Tuesday 20 March 2018

Brilliant Barcelona

Lionel Messi wheels away in celebration after scoring Barcelona's second goal in last night's Champions League final at Wembley. Photo: Jasper Juinen
Lionel Messi wheels away in celebration after scoring Barcelona's second goal in last night's Champions League final at Wembley. Photo: Jasper Juinen


One team walked out at Wembley in pursuit of greatness and one team left Wembley last night having achieved it.

There are no more questions left to ask of Barcelona or Lionel Messi. These were performances of majesty in a match that demanded it. There were moments of doubt but they came from Barcelona's inability to score with every chance. Wayne Rooney's first-half equaliser was Manchester United's only shot on target.

In the second, Messi and David Villa scored but the greatness came in how it was done. United had a mission to contain and they couldn't do it. Perhaps even that was asking too much. United will be criticised and Alex Ferguson may regret his team selection which left his side bewildered in midfield, but this is an ordinary United side that has over-achieved this season.

"They mesmerise you with their passing," Ferguson said. "We couldn't get close to Messi but a lot of teams say that."

United were over-run, just as they had been two years go, but this time Barcelona were breathtaking.

The defeat in the Rome final two years ago had scarred Ferguson so much it is said that he has never been able to talk about it.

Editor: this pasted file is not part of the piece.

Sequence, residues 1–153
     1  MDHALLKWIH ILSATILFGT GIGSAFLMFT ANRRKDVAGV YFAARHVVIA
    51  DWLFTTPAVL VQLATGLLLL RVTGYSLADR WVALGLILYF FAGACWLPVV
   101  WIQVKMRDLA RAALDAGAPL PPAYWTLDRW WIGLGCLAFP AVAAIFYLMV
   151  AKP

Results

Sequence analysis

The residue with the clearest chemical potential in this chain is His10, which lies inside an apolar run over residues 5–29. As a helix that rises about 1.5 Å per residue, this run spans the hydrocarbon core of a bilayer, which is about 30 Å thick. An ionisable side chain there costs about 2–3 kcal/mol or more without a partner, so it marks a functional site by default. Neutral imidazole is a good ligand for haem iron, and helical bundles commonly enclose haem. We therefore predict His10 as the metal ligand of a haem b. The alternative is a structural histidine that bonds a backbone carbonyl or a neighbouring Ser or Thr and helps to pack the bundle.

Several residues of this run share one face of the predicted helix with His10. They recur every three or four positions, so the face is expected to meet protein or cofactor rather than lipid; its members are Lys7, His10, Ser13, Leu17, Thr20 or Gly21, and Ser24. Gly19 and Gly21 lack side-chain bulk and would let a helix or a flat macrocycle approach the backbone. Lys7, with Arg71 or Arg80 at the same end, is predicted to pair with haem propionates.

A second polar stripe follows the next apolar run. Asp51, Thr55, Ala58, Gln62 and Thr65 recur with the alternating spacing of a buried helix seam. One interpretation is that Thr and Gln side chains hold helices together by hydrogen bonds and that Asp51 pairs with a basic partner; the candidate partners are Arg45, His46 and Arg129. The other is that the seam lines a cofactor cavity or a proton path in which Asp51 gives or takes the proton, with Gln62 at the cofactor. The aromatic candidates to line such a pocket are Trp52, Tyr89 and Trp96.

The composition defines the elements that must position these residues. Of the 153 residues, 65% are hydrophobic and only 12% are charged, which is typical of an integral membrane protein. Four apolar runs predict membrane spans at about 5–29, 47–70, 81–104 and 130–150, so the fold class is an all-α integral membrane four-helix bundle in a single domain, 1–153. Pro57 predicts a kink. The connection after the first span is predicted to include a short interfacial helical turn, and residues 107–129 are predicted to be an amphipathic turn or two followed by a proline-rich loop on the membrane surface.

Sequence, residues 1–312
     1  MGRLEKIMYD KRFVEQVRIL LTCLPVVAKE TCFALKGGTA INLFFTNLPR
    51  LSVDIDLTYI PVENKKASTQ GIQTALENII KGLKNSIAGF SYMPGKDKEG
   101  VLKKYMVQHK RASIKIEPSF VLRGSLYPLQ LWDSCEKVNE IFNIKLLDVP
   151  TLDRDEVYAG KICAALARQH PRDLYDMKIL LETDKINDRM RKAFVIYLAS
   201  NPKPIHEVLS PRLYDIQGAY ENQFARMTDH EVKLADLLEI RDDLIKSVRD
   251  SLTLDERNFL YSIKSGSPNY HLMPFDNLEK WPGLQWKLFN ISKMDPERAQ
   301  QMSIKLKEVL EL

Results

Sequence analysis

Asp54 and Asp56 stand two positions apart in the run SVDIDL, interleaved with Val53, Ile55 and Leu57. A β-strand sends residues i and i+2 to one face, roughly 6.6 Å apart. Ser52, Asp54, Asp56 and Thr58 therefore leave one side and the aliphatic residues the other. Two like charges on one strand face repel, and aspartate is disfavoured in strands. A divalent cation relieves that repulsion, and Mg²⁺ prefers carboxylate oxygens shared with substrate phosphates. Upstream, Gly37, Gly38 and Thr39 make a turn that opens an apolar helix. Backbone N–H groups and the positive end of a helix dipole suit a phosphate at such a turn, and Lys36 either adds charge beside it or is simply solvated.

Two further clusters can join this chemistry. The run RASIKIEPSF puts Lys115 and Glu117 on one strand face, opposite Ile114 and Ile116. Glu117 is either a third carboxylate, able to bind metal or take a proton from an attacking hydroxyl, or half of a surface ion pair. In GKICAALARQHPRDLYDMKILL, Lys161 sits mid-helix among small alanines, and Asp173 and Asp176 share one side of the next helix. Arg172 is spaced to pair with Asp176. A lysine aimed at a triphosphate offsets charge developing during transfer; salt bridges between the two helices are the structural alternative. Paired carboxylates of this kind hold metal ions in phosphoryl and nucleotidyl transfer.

Yet he has hardly given Oprah-style confessional interviews about the other failures in his career. He did admit on Friday that it might have been a mistake to leave Peter Schmeichel out of the United team that lost 4-0 in the Nou Camp back in 1994, before adding that it had nothing to do with that defeat.

As he recalled it, two years after Barcelona won their first European Cup at Wembley, it offered another reminder of the one great life he has lived, while his opponents were going through several.

Hristo Stoichkov tormented United that night and had been part of the Barcelona side that won at Wembley. Last night he watched from the press box, settled into a well-fed middle-age while Ferguson raged on the touchline below him.

Pep Guardiola played in 1992 and 1994 and spent the eve of yesterday's game avoiding questions about his future plans. Now that his side has achieved greatness, he might find them easier to answer.

This game might be easier for Ferguson to talk about. This was the football he went to see when he watched Real Madrid overwhelm Eintracht Frankfurt at Hampden Park in 1960. This was the football he always believed in. "They are the best team we have ever played," he conceded afterwards.

Once Barcelona found that soft-shoe rhythm, United were helpless.

Ferguson roared on the touchline but he was like a man at the end of a runway bellowing at a 747 to stop.

Everywhere there was Xavi, always, always Xavi. Messi played his own game. Unfortunately United had to play his too. United stopped them briefly when Rooney equalised after Pedro's opener. On the bench, Ferguson seemed to cut short his celebration, as if he couldn't believe it.

United's goal seemed to anger Barcelona, which is like enraging a Bond villain: they are all soft-spoken menace and purring cats. Messi exploded, somehow missing by inches after a run of almost comic genius with United players tumbling around him.

Messi kept going, they all did. United flailed and chased while Barcelona scored and confirmed their genius and their greatness. United had no escape. Everywhere they went, Messi was waiting. He will haunt them for a generation.

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